Given the popularity of Windows, in all of its incarnations, there is a reasonable number of people who consider themselves experts on the OS. While that may be true, there are always some hidden features, small tweaks, tips and tricks that slip through the cracks. I’ll do my best to avoid the most obvious ones, and present some which you might not have been aware of, even if you consider yourself a Windows experts. So, let’s get on with it, shall we?
Windows Mobility Center
When I found about this little gem, I was over the moon. If you prefer laptops over desktops, this shortcut is the best thing since sliced bread. The combination of Windows and X buttons opens up the Windows Mobility Center. The window wasn’t something I have seen before, but it combined so many familiar and useful features into a single window for easy access. The features you will find there include your battery status, and choice of battery profile, your wireless connection status, which you can turn on and off, the brightness of the screen, and volume. If you use an external display, or hold presentations, you can access those settings, too.
Windows Mobility Center doesn’t offer much else, but it doesn’t need too, because it does what it needs to do, and that’s to provide you with lightning-quick access to some of the basic settings with the use of a single shortcut. Otherwise, you would have to rummage through several different menus in order access each of them. Short and sweet, Windows Mobility Center is one of my favorite hidden Windows features. I have to point out that this only works on Windows Vista and 7. On Windows 8, Win-X combo gives a list of shortcut which you can use to access similar Windows features.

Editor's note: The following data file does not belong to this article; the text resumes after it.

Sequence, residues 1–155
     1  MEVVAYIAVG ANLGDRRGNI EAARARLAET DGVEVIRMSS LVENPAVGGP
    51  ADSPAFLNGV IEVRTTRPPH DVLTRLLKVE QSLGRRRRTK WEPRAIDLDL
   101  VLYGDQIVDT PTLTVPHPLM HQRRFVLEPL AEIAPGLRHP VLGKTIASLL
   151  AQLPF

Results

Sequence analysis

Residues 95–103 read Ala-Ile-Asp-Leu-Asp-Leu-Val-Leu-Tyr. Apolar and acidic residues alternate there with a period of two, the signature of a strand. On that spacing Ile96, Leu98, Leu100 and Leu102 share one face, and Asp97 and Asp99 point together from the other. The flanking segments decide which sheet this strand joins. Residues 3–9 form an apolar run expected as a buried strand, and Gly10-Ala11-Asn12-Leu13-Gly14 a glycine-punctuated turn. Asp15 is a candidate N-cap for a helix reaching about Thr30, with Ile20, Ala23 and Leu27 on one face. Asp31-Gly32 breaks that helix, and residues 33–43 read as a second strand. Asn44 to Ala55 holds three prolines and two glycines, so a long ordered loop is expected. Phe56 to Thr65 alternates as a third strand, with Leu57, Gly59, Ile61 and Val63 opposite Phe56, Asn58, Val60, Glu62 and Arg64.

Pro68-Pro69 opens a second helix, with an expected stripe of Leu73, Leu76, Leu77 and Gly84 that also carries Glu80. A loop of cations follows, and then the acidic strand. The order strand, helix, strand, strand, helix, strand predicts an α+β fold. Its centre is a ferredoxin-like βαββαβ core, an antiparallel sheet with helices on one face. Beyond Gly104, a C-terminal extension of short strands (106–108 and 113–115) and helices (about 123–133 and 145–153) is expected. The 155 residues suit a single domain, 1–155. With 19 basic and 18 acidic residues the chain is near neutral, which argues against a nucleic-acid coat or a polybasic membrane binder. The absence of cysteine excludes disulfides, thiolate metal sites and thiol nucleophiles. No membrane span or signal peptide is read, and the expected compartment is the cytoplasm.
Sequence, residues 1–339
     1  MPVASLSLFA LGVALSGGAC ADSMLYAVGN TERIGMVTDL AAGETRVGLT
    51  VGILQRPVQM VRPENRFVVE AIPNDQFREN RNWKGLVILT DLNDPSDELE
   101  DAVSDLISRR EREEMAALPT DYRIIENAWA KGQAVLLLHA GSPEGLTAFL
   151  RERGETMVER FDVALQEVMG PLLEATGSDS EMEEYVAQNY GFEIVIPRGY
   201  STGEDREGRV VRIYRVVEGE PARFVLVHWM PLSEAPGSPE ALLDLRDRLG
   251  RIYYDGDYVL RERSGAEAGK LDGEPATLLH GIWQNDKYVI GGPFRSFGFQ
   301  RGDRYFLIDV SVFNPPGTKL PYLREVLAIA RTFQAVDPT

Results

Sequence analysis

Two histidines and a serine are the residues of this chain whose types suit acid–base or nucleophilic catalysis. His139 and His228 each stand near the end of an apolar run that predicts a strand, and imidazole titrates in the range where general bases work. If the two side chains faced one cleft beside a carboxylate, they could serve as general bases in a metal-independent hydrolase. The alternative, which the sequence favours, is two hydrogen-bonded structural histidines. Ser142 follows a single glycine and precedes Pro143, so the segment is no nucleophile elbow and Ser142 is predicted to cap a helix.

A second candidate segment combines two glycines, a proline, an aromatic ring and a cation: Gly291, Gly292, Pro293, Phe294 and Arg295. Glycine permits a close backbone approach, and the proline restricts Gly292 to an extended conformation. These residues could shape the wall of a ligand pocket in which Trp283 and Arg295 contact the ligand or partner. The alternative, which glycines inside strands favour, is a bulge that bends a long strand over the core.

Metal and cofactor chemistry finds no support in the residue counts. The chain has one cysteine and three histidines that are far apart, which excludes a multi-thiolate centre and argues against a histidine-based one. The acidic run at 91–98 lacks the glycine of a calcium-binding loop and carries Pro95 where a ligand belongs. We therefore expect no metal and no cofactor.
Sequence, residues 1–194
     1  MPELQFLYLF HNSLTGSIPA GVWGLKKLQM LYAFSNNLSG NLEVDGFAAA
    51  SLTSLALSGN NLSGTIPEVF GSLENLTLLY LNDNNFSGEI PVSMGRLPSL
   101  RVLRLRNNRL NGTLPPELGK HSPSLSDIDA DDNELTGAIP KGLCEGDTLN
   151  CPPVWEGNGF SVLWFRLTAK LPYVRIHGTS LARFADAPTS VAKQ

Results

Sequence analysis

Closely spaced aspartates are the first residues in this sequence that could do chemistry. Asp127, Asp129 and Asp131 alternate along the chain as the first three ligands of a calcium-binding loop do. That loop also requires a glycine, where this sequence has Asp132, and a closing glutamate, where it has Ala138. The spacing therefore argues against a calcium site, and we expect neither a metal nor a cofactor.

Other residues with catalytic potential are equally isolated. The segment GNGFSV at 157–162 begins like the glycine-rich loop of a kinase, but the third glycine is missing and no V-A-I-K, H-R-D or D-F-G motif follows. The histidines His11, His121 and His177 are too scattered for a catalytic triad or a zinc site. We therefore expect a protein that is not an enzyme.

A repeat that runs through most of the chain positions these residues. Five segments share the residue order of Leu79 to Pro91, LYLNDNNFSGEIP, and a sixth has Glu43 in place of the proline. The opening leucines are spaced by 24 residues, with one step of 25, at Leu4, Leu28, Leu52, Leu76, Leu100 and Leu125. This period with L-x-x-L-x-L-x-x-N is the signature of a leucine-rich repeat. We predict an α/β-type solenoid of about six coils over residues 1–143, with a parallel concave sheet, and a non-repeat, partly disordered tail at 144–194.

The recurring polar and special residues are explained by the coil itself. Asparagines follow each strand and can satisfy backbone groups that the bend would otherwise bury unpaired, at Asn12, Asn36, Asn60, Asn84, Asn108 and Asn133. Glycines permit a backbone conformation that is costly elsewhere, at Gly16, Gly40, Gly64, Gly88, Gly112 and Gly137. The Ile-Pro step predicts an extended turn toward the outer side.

Capturing and Managing Screenshots
Capturing a screenshot on your Windows PC has always been a pain in the butt in my opinion. You would have to press the PrtScr button on your keyboard, and then go and paste the image for the clipboard into Photoshop, or Paint, and then save it. There has been some improvement, with the appearance of Snipping Tool on Windows 7, and starting with Windows 8, you can even do a little bit more. Instead of pressing PrtSc like you usually would, press Win-PrtSc. Not only will it take a screenshot, but it will save the captured image to your Pictures folder.
Right-click the File to Send It Anywhere
For those of you who still choose to stick with an offline email client, you can easily send your files to someone else, without having to scavenge for the exact folder they’re located in through your email client. Right-click on the file, then go to Send to, after which you will be presented with a number of options, like emailing the file, sending it to your USB drive, or to a different directory on your computer. In case you want more options, hold down the Shift key while you right-click the file. You can send the file to Dropbox, Skype, and even more directories on your computer.